Rochester City Council approves deal to reactivate Chateau Theater, proposed deer hunt in parks | Top Stories

ROCHESTER, Minn. – Revival of a local landmark, and deer hunting in Rochester parks. There were an array of interesting decisions made by Med City leaders in an extra late Monday night meeting.

Deal to Reactivate Chateau Theater Approved

Council members have finally sealed a deal with a local non-profit to reactivate Rochester’s historic Chateau Theater.

The iconic space has largely sat empty since the fall of 2020, when its previous operator suspended activity amid the pandemic. City staff have been hammering out an operating agreement with Rochester’s Threshold Arts since January, when the council first agreed to allow the organization to manage the Chateau.

The deal approved Monday night will see the non-profit breathe new life into the theater over the next three years. In addition to serving as an event venue, Threshold plans to make the Chateau a community common space activated on a daily basis with educational experiences, art exhibitions, local retail, and other amenities, including public meeting areas.

With the operating agreement now moving forward, the city is asking DMC to fund additional improvements to the Chateau Theater, creating a turn-key environment that increases flexibility of rental opportunities.

Council Approves Deer Hunt in Parks

The city will invite archers into Rochester parks to hunt down this fall.

This evening, council members approved a pilot program aimed at managing the local deer population using a controlled hunt between mid-September and the end of this year.

The hunt will be managed by the Rochester Archery Club, taking place at approximately ten city-owned properties. Safety measures will include signs, caution tape, and closing when the hunt is happening.

The Rochester Police Department says there were 268 deer-related car accidents across the city in 2021. With reported deer issues increasing over the past several years, city staff says options are limited when it comes to finding long-term solutions.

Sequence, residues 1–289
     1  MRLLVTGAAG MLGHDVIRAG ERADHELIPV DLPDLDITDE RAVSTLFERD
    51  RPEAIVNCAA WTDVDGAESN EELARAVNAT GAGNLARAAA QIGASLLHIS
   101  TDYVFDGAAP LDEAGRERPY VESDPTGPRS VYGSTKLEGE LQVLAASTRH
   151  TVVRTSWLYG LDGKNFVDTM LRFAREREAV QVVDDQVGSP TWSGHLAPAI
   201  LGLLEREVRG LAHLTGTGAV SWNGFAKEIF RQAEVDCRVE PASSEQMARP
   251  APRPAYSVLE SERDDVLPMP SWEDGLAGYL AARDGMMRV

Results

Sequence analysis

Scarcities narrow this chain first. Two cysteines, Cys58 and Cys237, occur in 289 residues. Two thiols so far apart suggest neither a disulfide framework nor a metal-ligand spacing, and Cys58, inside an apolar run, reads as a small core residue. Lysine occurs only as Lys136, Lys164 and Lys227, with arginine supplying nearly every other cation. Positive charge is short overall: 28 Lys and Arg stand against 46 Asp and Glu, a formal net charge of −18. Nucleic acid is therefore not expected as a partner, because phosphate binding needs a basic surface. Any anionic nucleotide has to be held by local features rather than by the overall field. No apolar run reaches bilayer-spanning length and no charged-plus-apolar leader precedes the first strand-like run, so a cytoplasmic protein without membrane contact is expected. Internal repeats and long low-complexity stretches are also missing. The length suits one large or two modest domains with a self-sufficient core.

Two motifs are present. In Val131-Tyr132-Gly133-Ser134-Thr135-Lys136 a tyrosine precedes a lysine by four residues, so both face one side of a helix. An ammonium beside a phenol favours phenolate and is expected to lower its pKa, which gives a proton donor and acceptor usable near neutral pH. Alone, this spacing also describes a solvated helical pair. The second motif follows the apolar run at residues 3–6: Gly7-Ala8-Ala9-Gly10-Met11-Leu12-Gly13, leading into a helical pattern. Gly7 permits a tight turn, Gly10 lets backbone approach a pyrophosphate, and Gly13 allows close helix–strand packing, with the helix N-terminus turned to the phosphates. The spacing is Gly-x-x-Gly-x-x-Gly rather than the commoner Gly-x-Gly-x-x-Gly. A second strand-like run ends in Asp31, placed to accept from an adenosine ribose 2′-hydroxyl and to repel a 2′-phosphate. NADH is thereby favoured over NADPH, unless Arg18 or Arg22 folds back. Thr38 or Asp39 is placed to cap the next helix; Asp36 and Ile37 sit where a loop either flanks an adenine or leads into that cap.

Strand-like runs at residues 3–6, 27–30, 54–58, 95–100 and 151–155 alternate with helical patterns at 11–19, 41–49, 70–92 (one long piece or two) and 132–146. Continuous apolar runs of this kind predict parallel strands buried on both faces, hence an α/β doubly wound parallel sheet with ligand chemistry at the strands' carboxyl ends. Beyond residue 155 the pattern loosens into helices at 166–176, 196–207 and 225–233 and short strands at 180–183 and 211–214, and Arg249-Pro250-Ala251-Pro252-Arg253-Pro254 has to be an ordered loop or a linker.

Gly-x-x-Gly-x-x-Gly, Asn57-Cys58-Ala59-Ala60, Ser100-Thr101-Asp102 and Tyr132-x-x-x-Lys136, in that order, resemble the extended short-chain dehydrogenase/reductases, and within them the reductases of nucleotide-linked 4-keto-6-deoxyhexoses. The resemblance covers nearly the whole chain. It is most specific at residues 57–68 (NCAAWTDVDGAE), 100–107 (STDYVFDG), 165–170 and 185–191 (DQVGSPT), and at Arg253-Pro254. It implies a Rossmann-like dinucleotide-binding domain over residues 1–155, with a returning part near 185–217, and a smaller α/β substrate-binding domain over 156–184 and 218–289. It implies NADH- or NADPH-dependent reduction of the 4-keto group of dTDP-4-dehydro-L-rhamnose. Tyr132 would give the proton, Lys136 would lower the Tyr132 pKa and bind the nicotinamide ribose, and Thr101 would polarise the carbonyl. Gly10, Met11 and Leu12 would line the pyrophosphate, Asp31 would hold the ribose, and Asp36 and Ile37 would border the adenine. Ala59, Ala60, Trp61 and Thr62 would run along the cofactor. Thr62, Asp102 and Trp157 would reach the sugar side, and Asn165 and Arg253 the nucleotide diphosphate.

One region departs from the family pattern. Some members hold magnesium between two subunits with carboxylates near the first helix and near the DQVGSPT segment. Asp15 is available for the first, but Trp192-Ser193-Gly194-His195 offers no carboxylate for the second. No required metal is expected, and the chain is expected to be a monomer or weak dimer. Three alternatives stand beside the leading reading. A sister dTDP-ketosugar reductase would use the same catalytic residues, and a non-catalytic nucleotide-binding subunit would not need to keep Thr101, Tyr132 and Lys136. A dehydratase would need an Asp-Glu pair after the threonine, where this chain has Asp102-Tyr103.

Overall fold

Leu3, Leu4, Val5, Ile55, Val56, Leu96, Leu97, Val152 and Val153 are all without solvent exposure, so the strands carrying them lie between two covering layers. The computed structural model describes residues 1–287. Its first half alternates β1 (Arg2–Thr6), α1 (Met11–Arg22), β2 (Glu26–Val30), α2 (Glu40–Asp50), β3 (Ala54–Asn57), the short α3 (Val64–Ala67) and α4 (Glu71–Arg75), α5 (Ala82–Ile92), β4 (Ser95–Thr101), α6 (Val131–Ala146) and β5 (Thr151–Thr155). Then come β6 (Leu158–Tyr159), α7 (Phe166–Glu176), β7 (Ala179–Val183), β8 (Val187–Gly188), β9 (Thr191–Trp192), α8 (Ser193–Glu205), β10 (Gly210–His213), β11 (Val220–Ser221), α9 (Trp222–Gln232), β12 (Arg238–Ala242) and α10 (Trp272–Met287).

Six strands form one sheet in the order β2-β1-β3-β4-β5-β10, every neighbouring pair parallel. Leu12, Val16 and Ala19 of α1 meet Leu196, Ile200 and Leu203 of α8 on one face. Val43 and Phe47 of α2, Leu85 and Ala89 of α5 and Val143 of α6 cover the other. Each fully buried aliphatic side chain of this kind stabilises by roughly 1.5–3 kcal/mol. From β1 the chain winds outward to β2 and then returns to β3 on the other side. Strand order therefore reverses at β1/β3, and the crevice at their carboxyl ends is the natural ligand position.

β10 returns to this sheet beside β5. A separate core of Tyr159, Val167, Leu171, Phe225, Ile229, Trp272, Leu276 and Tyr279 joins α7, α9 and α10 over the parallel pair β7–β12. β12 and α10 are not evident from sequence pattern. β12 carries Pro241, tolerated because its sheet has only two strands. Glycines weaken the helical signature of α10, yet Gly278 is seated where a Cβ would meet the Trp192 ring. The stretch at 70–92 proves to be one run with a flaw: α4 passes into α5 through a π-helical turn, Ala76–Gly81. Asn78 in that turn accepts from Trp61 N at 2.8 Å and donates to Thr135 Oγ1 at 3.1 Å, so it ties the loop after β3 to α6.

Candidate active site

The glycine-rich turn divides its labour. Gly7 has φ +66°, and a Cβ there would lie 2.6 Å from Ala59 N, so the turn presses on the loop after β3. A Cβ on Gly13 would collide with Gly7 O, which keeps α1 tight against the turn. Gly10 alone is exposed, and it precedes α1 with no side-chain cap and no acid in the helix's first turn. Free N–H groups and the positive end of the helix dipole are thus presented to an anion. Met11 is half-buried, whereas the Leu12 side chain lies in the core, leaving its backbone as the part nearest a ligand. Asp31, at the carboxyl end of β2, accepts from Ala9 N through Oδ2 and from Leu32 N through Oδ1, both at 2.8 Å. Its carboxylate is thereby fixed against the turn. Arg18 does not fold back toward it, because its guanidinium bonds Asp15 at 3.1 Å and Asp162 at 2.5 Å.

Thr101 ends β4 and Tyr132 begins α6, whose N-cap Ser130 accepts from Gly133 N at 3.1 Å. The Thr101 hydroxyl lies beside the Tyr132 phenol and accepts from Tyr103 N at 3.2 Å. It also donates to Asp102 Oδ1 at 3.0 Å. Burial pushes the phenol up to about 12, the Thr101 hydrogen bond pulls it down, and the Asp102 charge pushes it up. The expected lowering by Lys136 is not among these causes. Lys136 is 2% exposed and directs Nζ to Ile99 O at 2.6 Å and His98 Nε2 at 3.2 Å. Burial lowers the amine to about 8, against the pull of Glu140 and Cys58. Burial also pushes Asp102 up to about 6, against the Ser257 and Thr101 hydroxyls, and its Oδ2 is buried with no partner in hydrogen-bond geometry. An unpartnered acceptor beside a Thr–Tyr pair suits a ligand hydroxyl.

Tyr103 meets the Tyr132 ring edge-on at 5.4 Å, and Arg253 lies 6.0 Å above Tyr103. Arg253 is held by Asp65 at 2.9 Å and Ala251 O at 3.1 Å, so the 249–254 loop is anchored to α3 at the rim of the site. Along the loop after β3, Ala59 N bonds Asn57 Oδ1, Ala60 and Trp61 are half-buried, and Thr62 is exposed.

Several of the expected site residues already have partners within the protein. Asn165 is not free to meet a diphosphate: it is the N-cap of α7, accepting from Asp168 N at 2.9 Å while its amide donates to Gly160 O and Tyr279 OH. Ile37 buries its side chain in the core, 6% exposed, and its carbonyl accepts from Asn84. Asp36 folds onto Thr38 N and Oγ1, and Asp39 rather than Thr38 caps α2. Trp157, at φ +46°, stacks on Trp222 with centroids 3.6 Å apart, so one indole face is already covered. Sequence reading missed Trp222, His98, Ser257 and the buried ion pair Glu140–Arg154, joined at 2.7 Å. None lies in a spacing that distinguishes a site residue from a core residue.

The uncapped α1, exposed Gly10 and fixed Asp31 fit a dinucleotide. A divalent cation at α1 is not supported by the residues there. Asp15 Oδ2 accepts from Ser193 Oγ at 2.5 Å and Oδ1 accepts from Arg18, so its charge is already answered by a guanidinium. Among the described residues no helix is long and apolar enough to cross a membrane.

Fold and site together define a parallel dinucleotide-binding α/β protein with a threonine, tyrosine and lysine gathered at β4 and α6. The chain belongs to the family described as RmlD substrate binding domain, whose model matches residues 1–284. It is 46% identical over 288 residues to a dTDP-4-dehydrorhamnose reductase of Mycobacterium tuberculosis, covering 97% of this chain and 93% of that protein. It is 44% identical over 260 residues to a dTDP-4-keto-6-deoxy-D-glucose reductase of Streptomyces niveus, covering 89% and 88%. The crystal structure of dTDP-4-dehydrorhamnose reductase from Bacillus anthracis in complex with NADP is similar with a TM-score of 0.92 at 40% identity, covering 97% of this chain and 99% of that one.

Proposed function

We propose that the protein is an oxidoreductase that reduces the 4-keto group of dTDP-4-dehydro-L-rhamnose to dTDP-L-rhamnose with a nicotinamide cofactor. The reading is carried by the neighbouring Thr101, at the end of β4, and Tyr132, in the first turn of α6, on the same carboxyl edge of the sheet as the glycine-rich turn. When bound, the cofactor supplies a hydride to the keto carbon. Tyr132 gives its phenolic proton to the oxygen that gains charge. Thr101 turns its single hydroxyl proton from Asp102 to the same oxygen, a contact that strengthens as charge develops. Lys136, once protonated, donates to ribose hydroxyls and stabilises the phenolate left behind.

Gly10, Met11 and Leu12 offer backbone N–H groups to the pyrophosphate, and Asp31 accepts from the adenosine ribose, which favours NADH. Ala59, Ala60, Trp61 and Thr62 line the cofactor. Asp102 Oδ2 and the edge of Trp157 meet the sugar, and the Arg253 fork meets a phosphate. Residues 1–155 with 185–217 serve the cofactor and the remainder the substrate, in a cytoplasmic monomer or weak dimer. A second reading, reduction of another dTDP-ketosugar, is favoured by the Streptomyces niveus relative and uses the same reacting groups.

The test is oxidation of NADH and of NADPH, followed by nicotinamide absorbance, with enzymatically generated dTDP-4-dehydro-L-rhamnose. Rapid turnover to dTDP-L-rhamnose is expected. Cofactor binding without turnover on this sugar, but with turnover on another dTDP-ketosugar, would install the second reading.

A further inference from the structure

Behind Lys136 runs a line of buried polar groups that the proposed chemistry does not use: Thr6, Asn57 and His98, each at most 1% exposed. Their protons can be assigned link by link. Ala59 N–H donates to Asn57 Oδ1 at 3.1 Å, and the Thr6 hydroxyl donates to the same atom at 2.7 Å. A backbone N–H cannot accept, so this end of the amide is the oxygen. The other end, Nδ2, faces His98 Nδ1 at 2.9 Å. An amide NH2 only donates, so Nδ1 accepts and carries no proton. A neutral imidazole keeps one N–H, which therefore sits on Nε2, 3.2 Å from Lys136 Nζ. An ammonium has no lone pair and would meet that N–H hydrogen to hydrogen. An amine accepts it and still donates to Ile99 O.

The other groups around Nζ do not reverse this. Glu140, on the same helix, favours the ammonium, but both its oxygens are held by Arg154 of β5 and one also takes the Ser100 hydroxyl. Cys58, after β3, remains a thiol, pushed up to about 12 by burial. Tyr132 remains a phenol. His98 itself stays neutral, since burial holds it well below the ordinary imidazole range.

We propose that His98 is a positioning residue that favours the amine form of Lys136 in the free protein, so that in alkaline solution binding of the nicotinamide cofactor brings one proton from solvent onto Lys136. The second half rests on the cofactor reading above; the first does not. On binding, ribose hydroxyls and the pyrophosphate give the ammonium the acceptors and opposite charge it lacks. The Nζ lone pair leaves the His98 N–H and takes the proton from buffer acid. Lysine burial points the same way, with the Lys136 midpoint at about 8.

“Conflicts include destruction of natural habitat, vehicle accidents, risk of transmission of tick-borne Lyme disease, damage to landscaping and trees, and decline in herd health due to overpopulation,” read a report prepared for council members. “Cost effective models for deer population control were reviewed. Non-lethal methods are inconsistent and ineffective in providing a long term solution unless combined with lethal control measures. Urban communities throughout the US have had success with controlled archery hunts. “

However, there are still outstanding questions about how to handle certain scenarios that could arise throughout the course of the program. One lingering concern is how to best prevent wounded deer from falling on private property.

“Wherever there’s housing nearby, those are [areas] we’ll have to probably do a little more notifications, and try to work with the surrounding neighbors. Maybe have a little more safety as far as location of where stands can be allowed too, if we don’t want to have somebody setting up a stand right next to somebody’s property, and try to keep them more away from the current homeowners that are around the surrounding areas, “said Rochester Archery Club Member Jeff Lein. “Hopefully, we can kind of work out areas where we’re far away from the backyards of people.”

The Minnesota Department of Natural Resources supports the hunt, according to the city. Participants will need to be at least 18-years-old, pass a bow hunting proficiency test, and successfully complete an education course offered by the state.

The parks that will serve as bow hunting sites have yet to be determined. The city will start accepting applications from interested archers in early August, with a random drawing to fill limited spots taking place by the middle of the month.

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